Of course, the cat used seven years later to play Jonesy in "Aliens" was a completely different one. The Jonesy that we see in "Aliens" was played by a cat named Boris, as confirmed by its childhood owner on Twitter.

The Xenomorph in the Alien 3 was made without CGI

The iconic H.R. Giger design of the Xenomorph is one of the most important things that the first two movies in the "Alien" saga got right. From the start, the alien design was iconic, meaningful, and made from practical and special effects rather than CGI, which wasn't available at the time. 

As Ridley Scott explained to American Cinematographer in 2017, the creation of the alien was a massive undertaking because he wanted it "to look animal-like rather than fantastic — because the word fantastic means 'not quite real,' and I wanted it to look real." His team had the challenge of "actually constructing reality" based on visual concepts.

However, the creation and approach of the Xenomorph is one of many areas where David Fincher's feature film debut of "Alien 3" failed to live up to its predecessors and to date, it remains the lowest-rated of the franchise on Rotten Tomatoes (besides the "Alien vs. Predator" films).

There were a lot of regrettable decisions made during the nightmarish production of "Alien 3," but arguably, the look of the Xenomorph was one of its biggest missteps. In this film, the Xenomorph was made by filming a man in an alien suit, as well as a Xenomorph puppet set against a blue screen (via Bloody Disgusting). The two versions of the alien were then composited together to create what regrettably looks like bad and distracting CGI that has garnered a lot of criticism from fans.

While the sense of terrifying reality in "Alien" and "Aliens" is lost in "Alien 3," repeat viewers can at least rest assured that like the first two films, the third entry also avoids CGI.

The series makes multiple allusions to Joseph Conrad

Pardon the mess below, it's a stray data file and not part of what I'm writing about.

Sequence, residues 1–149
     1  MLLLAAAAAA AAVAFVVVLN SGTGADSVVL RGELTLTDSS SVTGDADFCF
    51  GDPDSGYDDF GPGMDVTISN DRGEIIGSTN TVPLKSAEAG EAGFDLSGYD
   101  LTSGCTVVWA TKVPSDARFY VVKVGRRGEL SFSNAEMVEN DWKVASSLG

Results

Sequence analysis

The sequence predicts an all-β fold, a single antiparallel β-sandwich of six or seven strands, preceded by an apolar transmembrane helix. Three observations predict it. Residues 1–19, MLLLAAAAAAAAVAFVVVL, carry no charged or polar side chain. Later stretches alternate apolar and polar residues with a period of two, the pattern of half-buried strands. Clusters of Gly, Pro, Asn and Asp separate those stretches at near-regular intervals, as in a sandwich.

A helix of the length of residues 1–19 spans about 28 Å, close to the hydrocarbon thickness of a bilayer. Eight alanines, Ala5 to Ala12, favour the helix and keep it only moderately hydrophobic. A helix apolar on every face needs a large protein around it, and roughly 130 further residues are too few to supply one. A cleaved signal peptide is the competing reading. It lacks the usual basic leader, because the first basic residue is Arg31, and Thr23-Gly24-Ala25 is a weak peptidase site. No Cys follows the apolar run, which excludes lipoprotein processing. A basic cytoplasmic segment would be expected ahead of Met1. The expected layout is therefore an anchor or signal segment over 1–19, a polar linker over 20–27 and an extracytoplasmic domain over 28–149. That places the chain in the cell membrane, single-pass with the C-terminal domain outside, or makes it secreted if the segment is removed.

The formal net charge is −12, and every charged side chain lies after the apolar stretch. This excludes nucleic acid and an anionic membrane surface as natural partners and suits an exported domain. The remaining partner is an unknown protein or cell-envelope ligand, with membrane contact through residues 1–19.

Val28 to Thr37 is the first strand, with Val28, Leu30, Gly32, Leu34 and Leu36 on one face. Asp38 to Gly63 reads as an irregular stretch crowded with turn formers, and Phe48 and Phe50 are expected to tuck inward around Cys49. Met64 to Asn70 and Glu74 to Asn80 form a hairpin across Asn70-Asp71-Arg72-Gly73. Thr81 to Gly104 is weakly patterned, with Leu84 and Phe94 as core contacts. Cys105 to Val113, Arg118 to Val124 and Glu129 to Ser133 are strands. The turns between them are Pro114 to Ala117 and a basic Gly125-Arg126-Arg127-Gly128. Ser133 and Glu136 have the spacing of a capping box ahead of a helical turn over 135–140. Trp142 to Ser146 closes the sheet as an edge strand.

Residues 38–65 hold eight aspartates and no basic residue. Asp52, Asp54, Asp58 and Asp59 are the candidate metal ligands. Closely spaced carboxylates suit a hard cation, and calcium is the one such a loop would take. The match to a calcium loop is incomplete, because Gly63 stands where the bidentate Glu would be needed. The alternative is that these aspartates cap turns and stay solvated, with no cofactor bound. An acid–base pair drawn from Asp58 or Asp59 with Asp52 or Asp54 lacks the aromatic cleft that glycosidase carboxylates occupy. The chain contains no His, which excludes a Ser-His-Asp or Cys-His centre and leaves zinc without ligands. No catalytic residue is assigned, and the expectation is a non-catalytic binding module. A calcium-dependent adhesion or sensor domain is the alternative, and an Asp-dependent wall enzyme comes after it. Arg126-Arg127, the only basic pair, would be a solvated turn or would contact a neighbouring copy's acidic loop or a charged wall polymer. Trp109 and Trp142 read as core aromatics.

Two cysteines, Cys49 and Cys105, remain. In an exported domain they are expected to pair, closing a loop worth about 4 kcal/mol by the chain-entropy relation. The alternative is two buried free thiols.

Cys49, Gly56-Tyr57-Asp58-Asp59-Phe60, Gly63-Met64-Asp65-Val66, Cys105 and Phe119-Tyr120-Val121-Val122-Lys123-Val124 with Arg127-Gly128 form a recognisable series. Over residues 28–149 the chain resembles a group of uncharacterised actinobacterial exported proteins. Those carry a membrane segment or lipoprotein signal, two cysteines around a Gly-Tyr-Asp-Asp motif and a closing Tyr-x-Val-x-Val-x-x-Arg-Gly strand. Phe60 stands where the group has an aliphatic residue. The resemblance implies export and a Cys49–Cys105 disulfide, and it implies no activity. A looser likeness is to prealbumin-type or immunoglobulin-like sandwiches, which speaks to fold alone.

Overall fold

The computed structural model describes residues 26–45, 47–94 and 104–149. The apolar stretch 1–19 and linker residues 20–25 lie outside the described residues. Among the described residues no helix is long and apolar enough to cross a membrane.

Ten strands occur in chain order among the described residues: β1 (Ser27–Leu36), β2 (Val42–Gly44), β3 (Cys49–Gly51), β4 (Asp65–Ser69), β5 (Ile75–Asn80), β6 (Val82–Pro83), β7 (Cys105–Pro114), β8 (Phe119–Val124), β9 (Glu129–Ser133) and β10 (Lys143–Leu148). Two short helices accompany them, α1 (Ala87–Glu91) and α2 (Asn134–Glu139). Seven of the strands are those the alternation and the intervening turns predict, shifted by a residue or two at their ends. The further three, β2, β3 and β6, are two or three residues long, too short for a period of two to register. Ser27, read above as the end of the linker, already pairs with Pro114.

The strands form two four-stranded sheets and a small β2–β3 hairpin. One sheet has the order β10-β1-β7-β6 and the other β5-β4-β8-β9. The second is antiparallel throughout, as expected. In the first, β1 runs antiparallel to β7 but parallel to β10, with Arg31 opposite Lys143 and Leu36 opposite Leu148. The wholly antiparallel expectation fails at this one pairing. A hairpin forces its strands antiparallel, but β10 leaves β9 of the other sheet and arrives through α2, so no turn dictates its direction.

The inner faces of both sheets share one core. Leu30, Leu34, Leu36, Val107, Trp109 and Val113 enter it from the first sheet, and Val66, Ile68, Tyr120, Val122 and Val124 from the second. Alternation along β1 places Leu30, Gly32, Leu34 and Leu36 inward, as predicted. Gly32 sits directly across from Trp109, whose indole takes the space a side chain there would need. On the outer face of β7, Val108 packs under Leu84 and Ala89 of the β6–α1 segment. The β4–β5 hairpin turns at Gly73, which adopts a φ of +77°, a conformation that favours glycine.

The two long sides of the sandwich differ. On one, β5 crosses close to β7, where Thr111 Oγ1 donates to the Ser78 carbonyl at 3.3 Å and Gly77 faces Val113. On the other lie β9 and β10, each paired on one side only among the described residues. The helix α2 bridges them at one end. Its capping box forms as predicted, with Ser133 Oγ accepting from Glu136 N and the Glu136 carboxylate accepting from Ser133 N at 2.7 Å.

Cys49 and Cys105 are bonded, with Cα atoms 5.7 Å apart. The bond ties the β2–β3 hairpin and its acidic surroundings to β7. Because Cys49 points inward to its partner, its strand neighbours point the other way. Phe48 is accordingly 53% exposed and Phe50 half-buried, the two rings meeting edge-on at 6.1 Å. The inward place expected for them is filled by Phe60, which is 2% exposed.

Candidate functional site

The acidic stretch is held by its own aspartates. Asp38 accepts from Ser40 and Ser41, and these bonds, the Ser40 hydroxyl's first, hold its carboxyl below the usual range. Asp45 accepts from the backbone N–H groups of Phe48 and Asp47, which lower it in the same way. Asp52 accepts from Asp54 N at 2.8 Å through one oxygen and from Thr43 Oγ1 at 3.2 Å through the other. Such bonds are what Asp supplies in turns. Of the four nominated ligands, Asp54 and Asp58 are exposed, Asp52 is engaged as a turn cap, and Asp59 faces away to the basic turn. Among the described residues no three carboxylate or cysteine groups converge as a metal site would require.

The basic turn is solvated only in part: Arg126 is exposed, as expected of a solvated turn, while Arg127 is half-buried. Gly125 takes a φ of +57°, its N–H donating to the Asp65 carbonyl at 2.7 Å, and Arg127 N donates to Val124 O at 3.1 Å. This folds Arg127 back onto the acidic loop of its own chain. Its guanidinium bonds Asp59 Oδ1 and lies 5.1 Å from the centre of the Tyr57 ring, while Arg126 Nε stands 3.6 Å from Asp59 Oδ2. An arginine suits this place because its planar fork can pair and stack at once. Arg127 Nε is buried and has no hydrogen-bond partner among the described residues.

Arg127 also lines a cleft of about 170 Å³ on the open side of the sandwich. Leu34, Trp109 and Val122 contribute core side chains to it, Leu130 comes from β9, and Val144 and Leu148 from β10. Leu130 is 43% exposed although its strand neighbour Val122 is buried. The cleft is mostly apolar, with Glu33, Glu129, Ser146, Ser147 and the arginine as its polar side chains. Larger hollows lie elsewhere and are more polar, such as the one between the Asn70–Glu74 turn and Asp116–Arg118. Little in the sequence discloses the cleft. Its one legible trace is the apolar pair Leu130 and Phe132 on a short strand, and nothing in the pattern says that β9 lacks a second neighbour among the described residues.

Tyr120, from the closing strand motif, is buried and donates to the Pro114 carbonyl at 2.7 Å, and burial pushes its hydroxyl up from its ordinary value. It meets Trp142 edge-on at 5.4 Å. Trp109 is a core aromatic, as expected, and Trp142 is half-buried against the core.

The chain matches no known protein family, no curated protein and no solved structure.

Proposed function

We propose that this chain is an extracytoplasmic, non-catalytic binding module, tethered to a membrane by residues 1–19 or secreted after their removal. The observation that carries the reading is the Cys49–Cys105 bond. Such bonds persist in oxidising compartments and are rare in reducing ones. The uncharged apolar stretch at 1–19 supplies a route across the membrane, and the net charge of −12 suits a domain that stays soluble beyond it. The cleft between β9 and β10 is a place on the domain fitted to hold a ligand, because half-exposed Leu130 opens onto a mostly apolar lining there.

Those who have watched the original "Alien" multiple times may enjoy keeping an eye out for one of the film's favorite references to fiction: the work of Joseph Conrad, author of "Heart of Darkness." The Nostromo takes its name from Conrad's 1904 novel "Nostromo: A Tale of the Seaboard," which tells the story of an Italian sailor used as a disposable tool for the rich in a fictional South American country. It's a familiar narrative to anyone who knows "Alien" and its class dynamics that play out between the Nostromo crew and the Weylan-Yutani corporation, but the Conrad references don't end there.

At the end of "Alien," Ripley and Jonesy make their escape in a vehicle named Narcissus, which is another reference to one of Conrad's very problematically named novels from the late 19th century.

These literary allusions continued past Ridley Scott's initial involvement with the series. In James Cameron's 1986 sequel "Aliens," there is a transport vessel named Sulaco, which is yet another callback to "Nostromo," as Conrad's novel takes place primarily in the fictional port city of Sulaco. Fincher continued the Conrad tradition by naming the ship in "Alien 3" the Patna, which is the name of the boat in Conrad's 1900 classic "Lord Jim." These subtle homages are hard to catch if you aren't familiar with the author's novels that didn't get adapted into "Apocalypse Now."

The androids' names in the Alien films follow an alphabetical pattern